That’s right, we disagree on Brexit. But over half this country agrees with me. It’s painfully typical for a Remainer to regard a Leaver as having moral cooties, while it rarely works the other way round. Nevertheless — this speaks well for my social tastes — nearly all my other friends in London are your fellow Remainers, and we’re still friends. After many a spirited discussion about the EU, we’ve never changed each other’s minds. Nor have we disavowed each other.
You wrote that the purveyors of the taboo against cultural appropriation ‘have a point’. Your endorsement of a prohibition flagrantly antithetical to your professional interest is perplexing, but hobble your work if you wish. Still, it’s such a perverse, unworkable, ungenerous concept. You might at least concede that we few defenders of the imagination also ‘have a point’.
All told, our political differences are moderate. Yet this is an era in which the fiercest antagonism flares between the ideologically proximate. (Not remotely interested in attacking real-life ‘white supremacists’, the hard left prefers to collect the scalps of classical liberals.) Your politics being slightly to my left makes your cancellation of our friendship all too typical for the times. But entertain the alternative universe in which I abruptly ‘step back’ from our friendship because you advocate affirmative action and racial hypersensitivity, are sentimental about the NHS, support Remain and preach against cultural appropriation. You’d think I’d lost my mind. You’d confer with our colleagues in concern that I’d been kidnapped by a right-wing cult.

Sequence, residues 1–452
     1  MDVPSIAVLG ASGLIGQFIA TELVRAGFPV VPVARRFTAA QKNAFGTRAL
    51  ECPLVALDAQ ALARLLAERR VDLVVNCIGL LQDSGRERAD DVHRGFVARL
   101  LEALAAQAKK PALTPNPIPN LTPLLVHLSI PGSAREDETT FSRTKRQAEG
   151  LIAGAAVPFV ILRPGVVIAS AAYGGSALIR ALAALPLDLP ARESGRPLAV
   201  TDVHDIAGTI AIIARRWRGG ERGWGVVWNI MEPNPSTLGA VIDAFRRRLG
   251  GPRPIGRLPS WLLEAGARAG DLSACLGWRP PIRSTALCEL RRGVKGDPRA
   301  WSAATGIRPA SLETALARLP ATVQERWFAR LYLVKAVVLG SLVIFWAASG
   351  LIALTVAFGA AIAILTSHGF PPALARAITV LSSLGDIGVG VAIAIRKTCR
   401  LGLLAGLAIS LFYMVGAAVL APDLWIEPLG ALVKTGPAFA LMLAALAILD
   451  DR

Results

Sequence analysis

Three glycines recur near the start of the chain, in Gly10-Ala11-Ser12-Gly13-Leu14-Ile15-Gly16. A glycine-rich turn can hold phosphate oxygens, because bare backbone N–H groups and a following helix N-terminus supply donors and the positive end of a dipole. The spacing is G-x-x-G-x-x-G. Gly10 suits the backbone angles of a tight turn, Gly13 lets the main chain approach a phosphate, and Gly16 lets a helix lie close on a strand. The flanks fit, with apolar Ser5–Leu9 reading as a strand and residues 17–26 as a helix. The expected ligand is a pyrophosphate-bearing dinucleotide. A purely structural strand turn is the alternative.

Hitherto, I’ve enjoyed our temperamental disparity. I’m louder, I take on big issues, and though I relish conflict no more than you do, I get myself in trouble because I can’t keep my mouth shut. I ruffle feathers. You’re a conciliator. You keep the peace. You’ve conducted your career with pathological caution. You’re quieter, and your books are built on a small, personal scale. There’s nothing wrong with that; it’s merely different. But now our temperamental contrast has consequences.
I’ve never renounced a friendship over politics. I was put to the test when an American friend over for dinner in London said she voted for Trump. I was taken aback. (My social set exhibits its own narrowness; she’s the only Trump voter I know.) But I didn’t kick her out, and we’re still in touch. While I still think she’s wrong, she’s also unfeasibly kind, and I don’t condition my affections on party affiliation.
I’ve taken great pleasure in our long walks together. It’s been useful to talk shop. I’ve appreciated your emotional honesty, your modesty, your genuineness, and your ability to admit to uncertainty in the conduct of a weird occupation that doesn’t come with an instruction manual. You exude an infectious warmth. You usually have a sense of humour. You maintain high professional standards, and you work hard. You obviously make a big effort to do the right thing, but this time you chose the wrong thing. You have tremendously disappointed me as a friend, as a writer, and as a person.
Still wishing you the best, believe it or not — Lionel.
The argument continues online.